Indisputably, food is central to the Singaporean identity. The question that is rarely tackled is, how is it central? Can we explain the importance of food in our culture, and the extent of this importance? Can we specify the manner in which food relates to our most deeply held beliefs about ourselves? Unless we get a handle on these questions, our understanding of the Singaporean identity is impoverished.
Food is the stuff of our conversations. Our everyday greetings to each other open with the question, “Have you eaten?” Singaporeans can talk to each other about food, even if they are complete strangers to each other. And tourists or visitors will be piled on with, more than anything else, recommendations and suggestions on where and what to eat.
It has often been said that the Singaporean is one who will travel across the country to eat the best nasi lemak (or other local dish). The Singaporean has a well-known reputation for having late night suppers at hawker centres. And in the age of digital media, the Singaporean is the one who will document all meals in the form of Instagram pictures.
A friend lamented that the national preoccupation and even obsession with food is shallow, in comparison with other societies which value more intellectual and spiritual pursuits. But I think that our indulgence with food forms part of our popular culture, as such, it merits greater attention. Just as the weather is central to the British identity, food is central to the Singaporean identity.
Food does not function merely to satisfy our hunger, or even to delight our taste-buds. Rather, food is the lubricant and instigator of social integration. In talking to each other about food and partaking in curry cooking sessions, we acknowledge that we’re all in this together. Food therefore plays a pivotal role in identity, by being the one thing that we have in common with each other.
To see the importance of food in our culture, we need only consider the famous ‘curry case’, where a dispute emerged between two neighbours- a PRC-Chinese family who could not tolerate the smell of curry, and an Indian-Singaporean family who regularly cooked curry. In response, Singaporeans came together to urge each other to cook curry and to share it with their non-Singaporean neighbours.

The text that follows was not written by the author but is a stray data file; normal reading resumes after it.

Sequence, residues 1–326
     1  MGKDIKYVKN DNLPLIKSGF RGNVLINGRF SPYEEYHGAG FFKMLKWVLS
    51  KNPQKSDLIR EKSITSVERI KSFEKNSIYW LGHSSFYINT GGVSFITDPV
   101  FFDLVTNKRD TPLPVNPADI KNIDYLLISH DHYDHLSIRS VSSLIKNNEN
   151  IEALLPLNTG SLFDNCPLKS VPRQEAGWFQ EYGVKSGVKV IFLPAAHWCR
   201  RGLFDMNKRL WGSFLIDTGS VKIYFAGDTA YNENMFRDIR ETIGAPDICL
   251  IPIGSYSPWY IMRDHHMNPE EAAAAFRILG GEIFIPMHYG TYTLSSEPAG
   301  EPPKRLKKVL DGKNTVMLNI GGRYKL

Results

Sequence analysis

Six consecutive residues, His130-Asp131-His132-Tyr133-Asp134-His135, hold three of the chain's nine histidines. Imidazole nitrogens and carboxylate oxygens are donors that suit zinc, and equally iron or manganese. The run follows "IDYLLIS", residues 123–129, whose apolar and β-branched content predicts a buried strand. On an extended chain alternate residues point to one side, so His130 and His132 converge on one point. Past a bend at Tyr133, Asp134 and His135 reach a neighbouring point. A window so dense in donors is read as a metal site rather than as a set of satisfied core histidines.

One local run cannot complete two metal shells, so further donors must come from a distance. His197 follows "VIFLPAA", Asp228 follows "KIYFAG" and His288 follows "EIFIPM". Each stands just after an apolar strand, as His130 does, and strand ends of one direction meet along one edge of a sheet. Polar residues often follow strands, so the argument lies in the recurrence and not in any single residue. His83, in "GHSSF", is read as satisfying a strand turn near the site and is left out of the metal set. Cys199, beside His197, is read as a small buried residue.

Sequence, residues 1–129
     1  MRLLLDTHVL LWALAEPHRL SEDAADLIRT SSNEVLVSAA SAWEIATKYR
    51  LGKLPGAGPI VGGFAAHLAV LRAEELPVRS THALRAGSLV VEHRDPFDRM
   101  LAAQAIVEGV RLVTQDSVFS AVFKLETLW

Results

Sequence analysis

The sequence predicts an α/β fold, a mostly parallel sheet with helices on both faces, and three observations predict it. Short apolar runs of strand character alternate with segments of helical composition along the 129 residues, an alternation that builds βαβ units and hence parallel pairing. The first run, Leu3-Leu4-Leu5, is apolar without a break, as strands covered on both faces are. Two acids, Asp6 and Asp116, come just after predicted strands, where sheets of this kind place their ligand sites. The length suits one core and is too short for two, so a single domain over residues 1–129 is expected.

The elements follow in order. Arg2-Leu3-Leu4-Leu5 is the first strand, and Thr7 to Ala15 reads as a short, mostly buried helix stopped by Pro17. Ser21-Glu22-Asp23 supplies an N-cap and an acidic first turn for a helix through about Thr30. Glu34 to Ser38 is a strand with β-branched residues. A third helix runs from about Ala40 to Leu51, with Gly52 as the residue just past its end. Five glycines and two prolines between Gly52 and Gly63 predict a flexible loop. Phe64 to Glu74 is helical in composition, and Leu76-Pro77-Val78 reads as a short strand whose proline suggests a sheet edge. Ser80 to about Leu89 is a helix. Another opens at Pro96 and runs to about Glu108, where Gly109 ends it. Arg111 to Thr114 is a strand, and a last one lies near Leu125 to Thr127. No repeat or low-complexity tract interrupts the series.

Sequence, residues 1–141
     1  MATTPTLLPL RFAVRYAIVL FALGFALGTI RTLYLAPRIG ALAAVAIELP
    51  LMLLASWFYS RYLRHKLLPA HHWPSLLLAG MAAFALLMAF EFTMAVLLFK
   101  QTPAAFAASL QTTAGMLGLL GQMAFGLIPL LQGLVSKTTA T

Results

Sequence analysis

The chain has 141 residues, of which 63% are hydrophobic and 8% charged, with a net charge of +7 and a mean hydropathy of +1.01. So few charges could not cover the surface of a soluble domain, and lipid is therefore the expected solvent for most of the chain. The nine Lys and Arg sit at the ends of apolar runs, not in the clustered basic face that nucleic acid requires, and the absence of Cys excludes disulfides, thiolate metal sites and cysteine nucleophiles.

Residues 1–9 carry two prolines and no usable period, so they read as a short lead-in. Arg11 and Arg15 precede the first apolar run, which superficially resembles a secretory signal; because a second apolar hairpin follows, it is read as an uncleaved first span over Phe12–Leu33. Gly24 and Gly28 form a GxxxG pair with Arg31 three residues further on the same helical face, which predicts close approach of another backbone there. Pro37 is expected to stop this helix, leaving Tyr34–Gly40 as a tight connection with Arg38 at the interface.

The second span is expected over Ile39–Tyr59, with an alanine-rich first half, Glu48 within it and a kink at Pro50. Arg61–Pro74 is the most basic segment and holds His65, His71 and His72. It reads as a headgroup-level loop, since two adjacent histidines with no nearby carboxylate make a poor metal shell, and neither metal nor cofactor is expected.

Because Singaporeans identified with curry cooking (which, incidentally, is a favourite activity of overseas Singaporeans), they staunchly defended their curry cooking way of life, and the right of the Indian-Singaporean family to cook curry. The nationalism which accompanied the response trumped other considerations such as religion and race.
Hawker food in particular, is seen as Singaporean. Prawn noodles, Char Kway Tiao, Chicken rice, Laksa, Mee goreng and other dishes are understood as local fare, in comparison to food that is served in restaurants. Cheap and tasty are defining features of hawker fare. Singapore may be unique in that it is cheaper to eat out at a hawker centre than to eat in at home.
But, in line with Singapore’s urgency to remain competitive and to survive in the global economy, hawker centres undergo continual refurbishment and upgrading. There is a sense of movement and a loss of cultural heritage as stall owners are forced to move to other locations or even to shut down.
As a student, I would frequent the red-brick Old National Library at Stamford Road, and after borrowing books, I would head to the S11 food centre that was just outside. I often sat at S11, facing the existential questions of life and contemplating my future. Years later, when the library was torn down to make way for a road tunnel, I remembered, amongst other things, the cheesy Chinese music and the thick and humid air that contrasted with the cool air-conditioned environment in the library building. Most of all, though, I remembered the delicious Indian rojak from the Indian food stall at S11. Those were the tastiest potatoes I ever had. In fact, as I relished the memory of salty potatoes dunked in peanut gravy, I was, for the first time, living the life of a full-blooded Singaporean.
I will close with a few remarks on how I see food as central to the Singaporean identity:
1. Our beliefs and how we see ourselves may determine what we eat. So, for example, religious beliefs are reflected in our food choices. A Muslim in Singapore will only eat Halal food and no pork, while a Buddhist will typically be vegetarian.
2. Today, we can find Korean, Japanese, Vietnamese, and Thai food stalls in our food courts. But it is a recent development and an indication of the increasing cosmopolitan character of our city. Your average Singapore citizen is now someone who samples and enjoys a variety of food from different countries.
3. Some of our food stalls are still labelled Chinese, Malay, Indian and Western food, in accordance with the main races of Singapore. But you are likely to find a Singaporean ordering food from any of these stalls without pausing to reflect on his race! Regardless of race is an idea that has rooted itself in the Singaporean mind-set, and that is reflected in the food we choose to eat.